Bay of Pigs

How a group of Cuban exiles set up to topple Fidel Castro

The commander of the Bay of Pigs invasion, José Perez San Roman, kneeled and kissed the sand with joy when he landed at Playa Girón on the south coast of Cuba. Two days later, his 1,500 men had been thoroughly defeated.

“We are out of ammo and fighting on the beach. Please send help,’’ San Roman radioed his CIA advisors. Then, this final transmission: “I have nothing to fight with. Am taking to the woods.’’

The most direct and powerful U.S. bid to topple Fidel Castro began amid rosy optimism 50 years ago on April 17. It ended in disaster April 19.

President John F. Kennedy and the CIA were forever seared by the historic failure. Castro became the Caribbean David who defeated the Goliath to the north. His grip on the reins of power grew ever more powerful. And 18 months later, the Cuban Missile Crisis brought the world to the brink of nuclear war.

Castro branded the captured Brigade 2506 invaders as “mercenaries” and demanded ransoms for their release – from $500,000 for San Roman and each of the two other invasion leaders, down to $25,000 for the foot soldiers.

Yet survivors of the Brigade’s assault today recall the three days of fighting and 20 months in Castro’s appalling prisons as a heroic moment for them and a luminous moment in Cuba’s struggle for democracy.

The brigadistas landed in the predawn darkness of April 17, 1961 — five frogmen and one CIA case officer, Grayston Lynch, who were to plant lights on the beaches to guide ashore the rest of the amphibious assault force.

The exile fighters were to follow and seize a 40-mile long front on the eastern shore of the Bay of Pigs — from Playa Larga in the north to Playa Girón in the middle and Caleta Verde to the south.

In the first hours, the invasion seemed to go well.

“We repelled three attacks during daylight, including one in the afternoon [by] more than 1,000 militia and army” troops, wrote Erneido Oliva, head of Playa Larga operations and the landing force’s No. 2 military commander.

Brigade paratroopers seized two key roads to the beachheads — narrow causeways built over the largest swamp in the Caribbean, the Cienaga de Zapata. The infantry secured an airstrip needed to resupply the invaders and fly in a civilian “government’’ that would call for international recognition.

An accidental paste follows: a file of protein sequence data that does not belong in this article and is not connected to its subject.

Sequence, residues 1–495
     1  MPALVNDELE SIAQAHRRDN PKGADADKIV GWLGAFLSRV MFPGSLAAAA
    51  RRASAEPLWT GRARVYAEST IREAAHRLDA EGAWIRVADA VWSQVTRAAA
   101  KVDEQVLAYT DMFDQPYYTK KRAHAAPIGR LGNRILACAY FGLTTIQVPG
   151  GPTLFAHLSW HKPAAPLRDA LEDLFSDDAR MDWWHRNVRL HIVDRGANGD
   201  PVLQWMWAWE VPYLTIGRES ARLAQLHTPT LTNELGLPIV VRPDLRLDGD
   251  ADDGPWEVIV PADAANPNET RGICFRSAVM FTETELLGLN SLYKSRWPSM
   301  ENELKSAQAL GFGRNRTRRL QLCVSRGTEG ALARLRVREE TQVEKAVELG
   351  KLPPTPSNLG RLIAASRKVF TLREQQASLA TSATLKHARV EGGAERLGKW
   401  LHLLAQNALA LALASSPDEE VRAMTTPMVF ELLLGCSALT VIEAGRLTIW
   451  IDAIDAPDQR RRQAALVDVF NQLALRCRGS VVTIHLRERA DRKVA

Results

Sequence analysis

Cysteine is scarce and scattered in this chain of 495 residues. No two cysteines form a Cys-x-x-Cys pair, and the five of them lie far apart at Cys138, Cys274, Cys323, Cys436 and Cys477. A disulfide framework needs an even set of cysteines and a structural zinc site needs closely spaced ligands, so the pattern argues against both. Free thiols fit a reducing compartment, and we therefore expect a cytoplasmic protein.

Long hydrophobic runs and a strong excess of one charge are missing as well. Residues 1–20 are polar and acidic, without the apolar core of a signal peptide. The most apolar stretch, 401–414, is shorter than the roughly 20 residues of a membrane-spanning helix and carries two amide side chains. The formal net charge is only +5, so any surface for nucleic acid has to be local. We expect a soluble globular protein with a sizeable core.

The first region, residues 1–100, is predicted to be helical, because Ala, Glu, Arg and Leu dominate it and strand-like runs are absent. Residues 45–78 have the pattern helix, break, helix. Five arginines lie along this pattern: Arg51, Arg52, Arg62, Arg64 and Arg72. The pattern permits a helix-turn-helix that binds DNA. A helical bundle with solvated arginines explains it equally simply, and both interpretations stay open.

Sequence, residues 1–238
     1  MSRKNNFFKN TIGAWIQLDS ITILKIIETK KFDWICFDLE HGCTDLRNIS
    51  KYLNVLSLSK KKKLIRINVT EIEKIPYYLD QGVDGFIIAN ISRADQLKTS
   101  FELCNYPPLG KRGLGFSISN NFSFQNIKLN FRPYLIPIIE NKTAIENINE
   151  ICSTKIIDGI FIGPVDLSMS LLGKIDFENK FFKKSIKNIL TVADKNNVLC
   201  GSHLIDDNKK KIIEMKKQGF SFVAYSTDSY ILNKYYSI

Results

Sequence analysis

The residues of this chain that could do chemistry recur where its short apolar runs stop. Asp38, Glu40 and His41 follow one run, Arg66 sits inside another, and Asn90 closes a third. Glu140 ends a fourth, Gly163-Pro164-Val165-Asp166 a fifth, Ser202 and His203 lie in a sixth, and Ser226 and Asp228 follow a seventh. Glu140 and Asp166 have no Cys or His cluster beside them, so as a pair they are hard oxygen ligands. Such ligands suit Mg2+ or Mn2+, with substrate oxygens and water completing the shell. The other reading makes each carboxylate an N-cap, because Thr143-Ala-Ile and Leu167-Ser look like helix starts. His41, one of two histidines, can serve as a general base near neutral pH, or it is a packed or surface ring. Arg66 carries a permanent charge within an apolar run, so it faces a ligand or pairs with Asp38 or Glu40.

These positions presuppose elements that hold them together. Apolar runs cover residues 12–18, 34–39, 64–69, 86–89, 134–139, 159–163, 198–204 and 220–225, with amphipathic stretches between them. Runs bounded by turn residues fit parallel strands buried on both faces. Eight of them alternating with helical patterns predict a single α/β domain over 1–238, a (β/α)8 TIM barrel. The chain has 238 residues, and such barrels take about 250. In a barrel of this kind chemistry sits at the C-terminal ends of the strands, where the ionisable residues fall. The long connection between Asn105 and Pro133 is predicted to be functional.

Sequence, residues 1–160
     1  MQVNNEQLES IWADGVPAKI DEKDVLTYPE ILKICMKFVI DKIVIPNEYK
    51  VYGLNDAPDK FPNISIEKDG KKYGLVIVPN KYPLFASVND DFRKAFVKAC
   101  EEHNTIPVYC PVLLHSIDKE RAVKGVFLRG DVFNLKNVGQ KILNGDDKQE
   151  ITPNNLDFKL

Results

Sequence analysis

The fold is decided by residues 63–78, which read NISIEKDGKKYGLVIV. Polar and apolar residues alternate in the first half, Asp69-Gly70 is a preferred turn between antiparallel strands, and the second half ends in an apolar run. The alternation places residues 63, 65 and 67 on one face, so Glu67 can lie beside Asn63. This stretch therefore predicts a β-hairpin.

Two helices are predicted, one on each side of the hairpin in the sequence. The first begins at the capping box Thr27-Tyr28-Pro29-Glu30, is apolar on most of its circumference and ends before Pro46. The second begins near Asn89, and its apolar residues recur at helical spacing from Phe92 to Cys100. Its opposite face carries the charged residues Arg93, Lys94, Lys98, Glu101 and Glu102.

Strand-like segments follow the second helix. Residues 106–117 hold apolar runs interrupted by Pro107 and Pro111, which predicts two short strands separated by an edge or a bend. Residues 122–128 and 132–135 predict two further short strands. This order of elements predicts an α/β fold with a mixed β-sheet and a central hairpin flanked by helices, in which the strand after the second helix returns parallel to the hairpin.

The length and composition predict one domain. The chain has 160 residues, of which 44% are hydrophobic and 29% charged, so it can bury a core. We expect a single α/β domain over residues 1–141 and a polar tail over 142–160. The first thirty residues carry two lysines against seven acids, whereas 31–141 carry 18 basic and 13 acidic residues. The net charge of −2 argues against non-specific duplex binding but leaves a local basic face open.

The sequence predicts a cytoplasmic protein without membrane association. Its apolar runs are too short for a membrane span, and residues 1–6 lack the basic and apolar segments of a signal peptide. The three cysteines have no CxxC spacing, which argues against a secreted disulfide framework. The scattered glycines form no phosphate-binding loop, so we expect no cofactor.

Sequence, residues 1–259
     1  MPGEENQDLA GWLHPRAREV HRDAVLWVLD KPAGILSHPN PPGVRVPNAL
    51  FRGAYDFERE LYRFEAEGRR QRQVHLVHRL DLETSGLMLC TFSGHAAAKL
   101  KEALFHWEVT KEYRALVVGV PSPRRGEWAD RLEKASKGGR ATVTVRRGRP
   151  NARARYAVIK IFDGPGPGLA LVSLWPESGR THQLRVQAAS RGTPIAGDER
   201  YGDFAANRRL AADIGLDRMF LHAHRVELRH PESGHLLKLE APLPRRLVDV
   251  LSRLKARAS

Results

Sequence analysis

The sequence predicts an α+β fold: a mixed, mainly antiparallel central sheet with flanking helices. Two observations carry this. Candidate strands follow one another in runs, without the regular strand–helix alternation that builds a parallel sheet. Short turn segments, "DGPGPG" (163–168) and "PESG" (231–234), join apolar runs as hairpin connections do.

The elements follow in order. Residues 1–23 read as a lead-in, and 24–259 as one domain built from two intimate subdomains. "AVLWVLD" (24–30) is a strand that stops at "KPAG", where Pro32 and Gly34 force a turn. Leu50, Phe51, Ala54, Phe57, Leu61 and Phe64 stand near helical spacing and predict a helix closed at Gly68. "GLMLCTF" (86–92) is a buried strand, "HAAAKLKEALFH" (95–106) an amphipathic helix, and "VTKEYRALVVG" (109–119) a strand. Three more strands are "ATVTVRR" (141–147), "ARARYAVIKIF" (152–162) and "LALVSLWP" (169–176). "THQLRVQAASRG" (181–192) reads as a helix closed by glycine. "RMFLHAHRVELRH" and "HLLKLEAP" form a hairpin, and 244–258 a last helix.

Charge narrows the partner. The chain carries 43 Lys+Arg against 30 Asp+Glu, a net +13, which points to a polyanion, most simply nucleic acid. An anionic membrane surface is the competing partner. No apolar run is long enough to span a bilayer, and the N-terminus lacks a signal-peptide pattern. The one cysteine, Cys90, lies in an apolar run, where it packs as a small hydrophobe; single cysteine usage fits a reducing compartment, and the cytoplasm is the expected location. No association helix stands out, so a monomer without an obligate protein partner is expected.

Six Brigade B-26 planes dropped 250-pound bombs on the first and last vehicles of a Castro police and militia convoy caught on one causeway, then raked the rest with the eight 50-caliber machine guns mounted on their noses. Cuba later reported 1,800 people were killed or wounded in that one battle alone.

“For me, those 15-20 minutes seemed like an hour. For the people down there, it must have seemed like an eternity,’’ recalled Gustavo Villoldo, who flew aboard one of the B-26s.

In another bloody battle, Brigade fighters controlled the critical San Blas causeway through three days under nearly constant pounding by Castro’s long-range artillery and waves of attacks by ground troops and Soviet-made T-34 tanks.

Mortar crewman Mario Martinez-Malo recalled that at one point, the number of civilians and Castro militias captured in just one area was more than twice the number of invaders.

On the third day of fighting, he fired 405 shells at an advancing militia column on a causeway, Martinez-Malo added, without the time to move away and cover his ears in between shells. “By the end, I was deaf.”

And while the Brigade lost 67 dead in combat, Cuba later admitted to 1,250 dead and nearly 3,000 wounded on its side.

“We fought with the love of our country in our hearts. And at the beginning we are winning,” said Santiago Jont, then a 23-year old fisherman-turned infantryman from Pinar del Río province in western Cuba.

They also fought with the cocky conviction that the mighty U.S. government, which had trained and armed them, would come to their rescue if they ran into trouble. That’s why the USS Essex aircraft carrier and a half-dozen U.S. destroyers were stationed just over the horizon.